In a bid to improve the quality of ice hockey on this utterly insignificant little red-yellow continent, and so educate the heathens on the evils of football and cricket, Logan cajoled the now defunct Vancouver-based CP Air (Canadian Pacific Airlines) into supporting a hockey development program. Coaches and players were shuttled here and even billeted in his own home.  His lobbying paid off when the ABC televised a hockey game nationally in June 1980 followed by Ice Hockey Showdown '80 with teams from Melbourne and Sydney competing in "lightning mini matches" with special rules for television coverage.
It was to be launched on July 2nd at Pat Burley's Iceland rink at Ringwood, 23km east of Melbourne's CBD, and screened over eight weeks by ABC television. Logan described it as the second major television coup for "local ice hockey officials and ice rink managements".  The awe-struck natives admired this missionary zeal, suspecting the favoured one who walked among them was descended from the hockey gods.
The Sydney All-Stars sponsored by the bottlers of Coca Cola won the best of three final series over the Dandenong Blackhawks on September 6th, 7th and 8th to become the first NIHL champions. The 'City of Sydney' team consisted of players from local clubs including Sandi Logan and overseas players such as captain George Kenning, Darrell McDonald and state goalie, Burke Thornton. Not surprisingly, they were considered the strongest team to represent Sydney for a decade but next season each rink planned to enter its own team as Victoria had done. 
The Dandenong Blackhawks were coached by American, Dan Reynolds, a resident of nine years who had coached the Mighty Roos. They were captained by 26 year-old local defender, Gary Croft. Other locals included Steve Duncan, Alan Robbins, John Thomas, John Sutton, Kevin Madden and Paul Brockwell. Most players who were not born in Australia were natural migrants who had been residents for six years or more. Several of these had represented Australia at least since the 1974 Worlds, including Mike Boileau, goalie Barry Harkin, and Charlie Grandy. Grandy was a veteran of the 1964 Olympic qualification squad. 
In that year there were 2,800 registered players in Australia, two-thirds of today's total, yet Canadians made up about forty percent of the top-level and Europeans were thirty percent.  A whopping seventy percent of the top Australian players were now imported from the northern hemisphere. Not even one in three were Australian.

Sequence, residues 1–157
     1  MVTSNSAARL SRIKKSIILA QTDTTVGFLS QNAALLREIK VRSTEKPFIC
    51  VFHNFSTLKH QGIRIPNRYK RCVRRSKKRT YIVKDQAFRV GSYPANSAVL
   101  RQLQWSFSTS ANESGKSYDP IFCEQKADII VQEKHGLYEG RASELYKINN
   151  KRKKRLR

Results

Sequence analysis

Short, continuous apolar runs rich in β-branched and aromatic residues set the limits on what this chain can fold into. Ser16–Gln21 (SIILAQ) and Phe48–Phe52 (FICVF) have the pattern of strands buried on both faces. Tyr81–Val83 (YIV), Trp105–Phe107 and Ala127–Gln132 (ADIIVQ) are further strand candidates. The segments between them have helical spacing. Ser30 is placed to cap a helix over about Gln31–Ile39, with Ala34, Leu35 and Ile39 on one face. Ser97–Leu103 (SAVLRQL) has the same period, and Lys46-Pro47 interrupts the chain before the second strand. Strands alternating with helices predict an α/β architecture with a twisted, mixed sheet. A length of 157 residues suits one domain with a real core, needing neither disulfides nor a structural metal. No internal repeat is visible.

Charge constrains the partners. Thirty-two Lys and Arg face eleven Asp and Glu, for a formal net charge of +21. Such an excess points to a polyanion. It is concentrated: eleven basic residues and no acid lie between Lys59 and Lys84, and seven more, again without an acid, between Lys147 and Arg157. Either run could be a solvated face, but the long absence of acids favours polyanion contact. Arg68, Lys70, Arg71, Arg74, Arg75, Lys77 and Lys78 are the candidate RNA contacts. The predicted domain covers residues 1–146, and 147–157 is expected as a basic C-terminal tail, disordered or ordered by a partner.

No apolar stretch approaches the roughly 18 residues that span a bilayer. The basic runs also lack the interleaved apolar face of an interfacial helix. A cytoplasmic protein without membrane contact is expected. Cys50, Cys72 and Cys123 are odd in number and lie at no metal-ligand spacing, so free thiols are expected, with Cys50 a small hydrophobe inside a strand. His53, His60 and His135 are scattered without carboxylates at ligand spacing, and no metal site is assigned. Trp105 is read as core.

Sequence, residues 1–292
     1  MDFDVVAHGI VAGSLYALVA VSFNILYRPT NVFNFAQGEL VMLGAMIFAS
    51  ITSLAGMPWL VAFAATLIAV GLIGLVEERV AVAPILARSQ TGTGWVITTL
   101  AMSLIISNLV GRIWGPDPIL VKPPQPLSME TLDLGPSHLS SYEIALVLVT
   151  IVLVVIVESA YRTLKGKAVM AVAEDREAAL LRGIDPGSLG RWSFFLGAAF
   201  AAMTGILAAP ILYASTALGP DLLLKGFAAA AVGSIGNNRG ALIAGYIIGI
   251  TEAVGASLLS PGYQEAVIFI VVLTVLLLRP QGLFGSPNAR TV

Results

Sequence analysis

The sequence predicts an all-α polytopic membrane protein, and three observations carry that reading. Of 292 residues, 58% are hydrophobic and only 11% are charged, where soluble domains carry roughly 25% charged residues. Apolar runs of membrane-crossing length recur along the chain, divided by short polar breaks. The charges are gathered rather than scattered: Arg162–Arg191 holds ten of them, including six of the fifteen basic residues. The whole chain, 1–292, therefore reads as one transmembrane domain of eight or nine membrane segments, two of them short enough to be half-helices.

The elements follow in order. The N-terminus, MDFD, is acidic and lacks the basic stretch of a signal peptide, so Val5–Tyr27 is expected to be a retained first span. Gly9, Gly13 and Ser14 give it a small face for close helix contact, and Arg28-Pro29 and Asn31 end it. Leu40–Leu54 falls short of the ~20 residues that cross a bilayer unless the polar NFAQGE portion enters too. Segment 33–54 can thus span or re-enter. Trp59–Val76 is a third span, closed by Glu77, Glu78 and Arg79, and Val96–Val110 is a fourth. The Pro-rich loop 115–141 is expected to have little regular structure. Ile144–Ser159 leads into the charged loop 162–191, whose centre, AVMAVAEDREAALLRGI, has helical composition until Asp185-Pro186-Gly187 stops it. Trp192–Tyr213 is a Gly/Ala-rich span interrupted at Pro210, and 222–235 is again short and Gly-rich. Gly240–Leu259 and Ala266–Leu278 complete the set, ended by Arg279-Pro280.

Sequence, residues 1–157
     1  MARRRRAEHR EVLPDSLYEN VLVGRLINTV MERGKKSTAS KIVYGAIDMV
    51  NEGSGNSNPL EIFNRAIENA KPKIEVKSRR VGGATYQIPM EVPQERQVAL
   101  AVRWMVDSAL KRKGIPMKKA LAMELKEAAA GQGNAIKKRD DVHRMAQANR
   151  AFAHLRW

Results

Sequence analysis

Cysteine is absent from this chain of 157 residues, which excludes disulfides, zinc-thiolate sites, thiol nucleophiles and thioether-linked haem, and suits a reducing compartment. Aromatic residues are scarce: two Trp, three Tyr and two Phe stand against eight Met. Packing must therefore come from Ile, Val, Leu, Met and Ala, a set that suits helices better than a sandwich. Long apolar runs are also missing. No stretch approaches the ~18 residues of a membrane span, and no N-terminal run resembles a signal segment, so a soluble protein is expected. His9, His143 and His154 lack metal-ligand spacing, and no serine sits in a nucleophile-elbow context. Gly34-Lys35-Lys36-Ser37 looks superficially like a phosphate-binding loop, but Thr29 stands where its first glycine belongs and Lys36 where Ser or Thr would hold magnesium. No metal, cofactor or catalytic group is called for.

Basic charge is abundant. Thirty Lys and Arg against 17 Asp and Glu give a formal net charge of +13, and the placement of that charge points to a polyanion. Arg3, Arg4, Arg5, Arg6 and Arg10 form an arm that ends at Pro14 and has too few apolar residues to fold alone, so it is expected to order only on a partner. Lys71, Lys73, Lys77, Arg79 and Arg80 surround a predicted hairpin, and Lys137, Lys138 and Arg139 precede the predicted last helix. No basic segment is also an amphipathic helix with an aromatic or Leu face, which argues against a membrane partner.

Logan said, "I consider it to be a five-year program to institute any sort of sane and sensible organisation into ice hockey in Australia. To train the native-born talent flooding the sport's lower echelons, the hockey program will have to import more people to coach, referee, manage arenas and play at the higher levels".  Australia imported players alright but rarely the appropriately-skilled coaches, referees and managers of Logan's Promised Land.
On the odd occasions that did occur the sport usually progressed but, despite Logan's new junior structure based on the Canadian amateur system, there was no new development program at the elite level, no divine intervention inside five years, and the little red-yellow continent at the ass end of nowhere had again dropped out of the IIHF Worlds, this time for six years. The Australians had to wait for an invitation because they did not perform well enough in 1979 to qualify automatically. 
The next year Melbourne's flagship rink at St Kilda closed and the rot set in the Victorian game. In Adelaide, the second edition of the renamed Payneham Flyers was even less Australian. Coached initially by Kevin Brown and managed by the rink manager, Peter King, forty percent of the squad of twenty-one were from North America and forty percent from Europe.  For the 1981 season the national association ruled only five import players per club plus an import goaltender, yet a meagre twenty percent of the team was Australian. One does not need much of an imagination to arrive at a reasonable estimate of their actual ice time. Twelve imports regularly turned up to training and as coach Kevin Brown proudly put it, "Not only are the local players fighting for a spot in the team but, from the amount of imports we have here in Adelaide, they also are competing for selection". 
The NIHL expanded to nine teams that year and Adelaide's Payneham Flyers finished on top after winning just two games and the wooden spoon in the inaugural season. The Melbourne teams had been eclipsed by Sydney and now Adelaide and for decades this set the shape of very fast things to come. NIHL imports filled more and more spots on the South Australian State squad, including Canadians such as Orville Hildebrand, John Botterill and Wayne Kerry, Czech Vladimir Mihal, and Finns Arto Malste, Kary Pynonnen and Ari Pullinen.